Table of Contents
- Definition of the business environment
- Types of Business Environments
- Why should you understand the business environment?
The business environment is getting more dynamic in recent years. Technology, consumer tastes, and international policies change at a quick pace. The change could bring past competitive advantage to competitive disadvantage, or vice versa. It also forces companies to rethink their competitive strategy.
Definition of the business environment
The business environment refers to the set of conditions or forces that affect the functioning of the business. They may be outside or inside the organization.
Understanding the nature of the business environment and their changes is a vital part of business analysis and in designing competitive strategies. That’s to make sure the company has the right success strategy, not only now but also in the future.
Types of Business Environments
Broadly speaking, the environment in which the business operates consists of two categories, namely:
- Internal environment, which includes various factors under the control of the company.
- External environment, which represents various factors outside the company’s control.
The internal environment consists of organizational structure, corporate culture, and company resources. They are in control of the company. I mean, companies can change them to adapt to the external environment and to achieve goals.
Some experts offer different classifications for the external environment. And, here, I will refer to Thomas L. Wheelen’s book “Strategic Management and Business Policy.” He divides the hierarchy of the external environment into three levels, namely:
- Natural physical environment
- Societal environment
- Task environment
Natural physical environment consists of physical resources, climate, and wildlife. They are the outer environment and affect the other two environments (societal environment and task environment).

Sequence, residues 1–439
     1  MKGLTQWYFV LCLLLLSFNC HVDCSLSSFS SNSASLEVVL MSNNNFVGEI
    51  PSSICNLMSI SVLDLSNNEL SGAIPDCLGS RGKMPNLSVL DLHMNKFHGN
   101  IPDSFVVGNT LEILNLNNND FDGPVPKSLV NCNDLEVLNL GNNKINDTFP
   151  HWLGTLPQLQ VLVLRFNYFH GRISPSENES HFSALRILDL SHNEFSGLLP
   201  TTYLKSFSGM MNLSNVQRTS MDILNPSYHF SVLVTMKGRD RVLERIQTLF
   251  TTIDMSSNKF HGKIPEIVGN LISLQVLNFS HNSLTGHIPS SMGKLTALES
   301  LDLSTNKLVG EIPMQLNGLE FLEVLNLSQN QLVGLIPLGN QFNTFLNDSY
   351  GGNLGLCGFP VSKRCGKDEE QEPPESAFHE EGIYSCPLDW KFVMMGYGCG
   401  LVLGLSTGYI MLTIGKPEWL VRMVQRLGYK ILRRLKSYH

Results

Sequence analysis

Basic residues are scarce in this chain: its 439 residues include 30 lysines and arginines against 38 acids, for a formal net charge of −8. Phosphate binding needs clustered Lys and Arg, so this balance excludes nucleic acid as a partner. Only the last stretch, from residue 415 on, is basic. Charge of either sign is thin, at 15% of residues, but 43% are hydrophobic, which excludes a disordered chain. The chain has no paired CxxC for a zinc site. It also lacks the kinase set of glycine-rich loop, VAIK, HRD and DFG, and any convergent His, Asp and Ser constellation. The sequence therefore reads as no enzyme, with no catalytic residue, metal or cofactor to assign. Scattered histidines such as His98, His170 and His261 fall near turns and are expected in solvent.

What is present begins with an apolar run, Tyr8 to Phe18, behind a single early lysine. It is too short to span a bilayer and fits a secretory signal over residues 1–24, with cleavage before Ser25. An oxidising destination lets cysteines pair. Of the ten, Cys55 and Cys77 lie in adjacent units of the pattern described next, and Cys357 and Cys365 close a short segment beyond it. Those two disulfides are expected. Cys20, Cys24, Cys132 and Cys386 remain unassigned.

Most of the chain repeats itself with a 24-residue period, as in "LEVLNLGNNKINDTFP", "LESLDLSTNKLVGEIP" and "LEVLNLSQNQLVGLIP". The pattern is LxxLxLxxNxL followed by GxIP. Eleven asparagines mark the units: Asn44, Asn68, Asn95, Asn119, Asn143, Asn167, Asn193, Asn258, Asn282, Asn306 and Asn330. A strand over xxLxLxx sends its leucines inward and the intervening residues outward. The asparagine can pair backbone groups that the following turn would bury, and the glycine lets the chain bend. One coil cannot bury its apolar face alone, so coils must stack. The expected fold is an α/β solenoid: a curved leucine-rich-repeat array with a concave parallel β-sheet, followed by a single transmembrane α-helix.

Societal environment includes components of PESTEL analysis but excludes environmental factors. So it consists of politics, economy, social culture, and technology factors. Why exclude environmental factors? The reason is, any change in the natural environment can have implications for changes in political and economic, socio-cultural, and technological policies, but not vice versa. For example, global warming pressures affect how governments take economic policies. It also affects the community in adapting to these changes. But, both the government and the people, they cannot influence global temperatures. I mean, we can not lower the global temperature drastically. We just adapt by doing environmentally-friendly activities, reducing the effect on rising global temperatures. For this reason, environmental factors should be at a higher hierarchy (i.e., at point 1).
Task environment covers interactions between the company and its stakeholders. They consist of the government, special interest groups, customers, competitors, trade associations, trade unions, creditors, and the community.
Next, I present some useful analyzes briefly to help you understand the business’s external environment:
- PESTEL analysis
- Industry cycle
- Porter’s Five Forces
- Stakeholder analysis
- Strategic groups
- Key success factors